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India’s tribal women see little hope in election | TribLIVE.com
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India’s tribal women see little hope in election

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AP
In this Wednesday, April 10, 2019, photo, a Mishing tribal woman Jonmoni Mili, 30, makes a fire inside her house in the river island of Majuli, in the northeastern Indian state of Assam. Mili said it makes no difference who wins the elections but that she is uneducated and wants her daughter to get an education. Combined, Indiaճ tribals total more than 100 million people. But they are scattered among hundreds of communities, and are often poorer and less educated than the people around them.
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AP
In this March 28, 2019, photo, Sangeetha Nandini, 29, from the Warli tribe, combs the hair of her cousin at Sanjay Gandhi National Park in Mumbai. "They want to move us out of the forest and into buildings. Our forefathers have lived here and died here, so we want the same right. Moving us into buildings means keeping us in cages,Ӡshe said. The biggest worry for many tribals is losing their land, which has grown increasingly valuable in recent years as Indiaճ economy has boomed. Many Warlis, for instance, are facing threat of relocation by the government to housing projects.
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AP
In this April 9, 2019, photo, a Gaddi tribeswoman Nirmala Devi, 45, weeds her barley field in her village in Naddi, near Dharmsala, in the northern Indian state of Himachal Pradesh. For years theyնe been told about the power they can wield with their votes, and how elections can bring so much change to this sprawling, often-chaotic nation. But few of these women, marooned at the fringes of Indian society, believe such talk anymore. Nirmala says she will vote but has little expectations from politicians who never keep their campaign promises.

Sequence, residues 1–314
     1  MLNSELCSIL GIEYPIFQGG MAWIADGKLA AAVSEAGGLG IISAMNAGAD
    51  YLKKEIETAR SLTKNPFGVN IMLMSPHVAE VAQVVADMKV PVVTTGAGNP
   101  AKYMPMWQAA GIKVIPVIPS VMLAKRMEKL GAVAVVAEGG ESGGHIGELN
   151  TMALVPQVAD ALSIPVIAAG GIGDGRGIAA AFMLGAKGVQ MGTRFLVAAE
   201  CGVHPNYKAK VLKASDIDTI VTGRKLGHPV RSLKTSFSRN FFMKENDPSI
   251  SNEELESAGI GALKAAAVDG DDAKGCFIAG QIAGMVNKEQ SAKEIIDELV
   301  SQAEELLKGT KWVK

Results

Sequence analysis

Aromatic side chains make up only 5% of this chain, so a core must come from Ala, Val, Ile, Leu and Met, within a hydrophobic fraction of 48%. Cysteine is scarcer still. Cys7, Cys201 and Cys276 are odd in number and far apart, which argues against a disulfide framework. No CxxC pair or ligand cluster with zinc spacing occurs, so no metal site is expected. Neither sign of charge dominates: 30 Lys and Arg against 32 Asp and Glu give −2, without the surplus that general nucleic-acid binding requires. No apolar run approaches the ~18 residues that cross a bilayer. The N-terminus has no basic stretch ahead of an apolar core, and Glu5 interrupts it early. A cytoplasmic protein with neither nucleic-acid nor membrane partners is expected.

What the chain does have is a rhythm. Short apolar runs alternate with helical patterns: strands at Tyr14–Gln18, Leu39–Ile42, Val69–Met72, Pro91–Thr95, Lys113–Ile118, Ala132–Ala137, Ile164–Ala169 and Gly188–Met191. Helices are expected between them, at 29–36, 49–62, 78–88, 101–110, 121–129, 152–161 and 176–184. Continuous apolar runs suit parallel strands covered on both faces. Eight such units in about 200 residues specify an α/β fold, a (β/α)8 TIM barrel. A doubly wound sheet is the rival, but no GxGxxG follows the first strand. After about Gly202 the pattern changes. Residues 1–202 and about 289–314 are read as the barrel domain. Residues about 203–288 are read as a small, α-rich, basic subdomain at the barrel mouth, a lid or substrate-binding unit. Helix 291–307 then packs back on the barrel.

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AP
In this April 9, 2019, photo, a Gaddi tribal woman Kanta Devi, 57, sits in an open space next to her house in Naddi village in Dharmsala, in the northern Indian state of Himachal Pradesh. Kanta has been voting with her husband Jai Shankar since her marriage 40 years ago. She and her husband, who is a daily-wage worker, recently had to help their son-in-law, who was seriously ill. Their requests to the local officials for financial support went unanswered. They are bitter about it but she says that they will vote as it is their duty.
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AP
In this Thursday, April 11, 2019, photo, Padumi Miri, 32, a Mishing tribal woman feeds her pig in the river island of Majuli, in the northeastern Indian state of Assam. Miri said she does not know why she casts her vote nor has she ever seen a political leader in her life. She only knows she needs to vote every five years. Combined, Indiaճ tribals total more than 100 million people, scattered among hundreds of communities. For many tribal women, elections have become little more than another chore.
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AP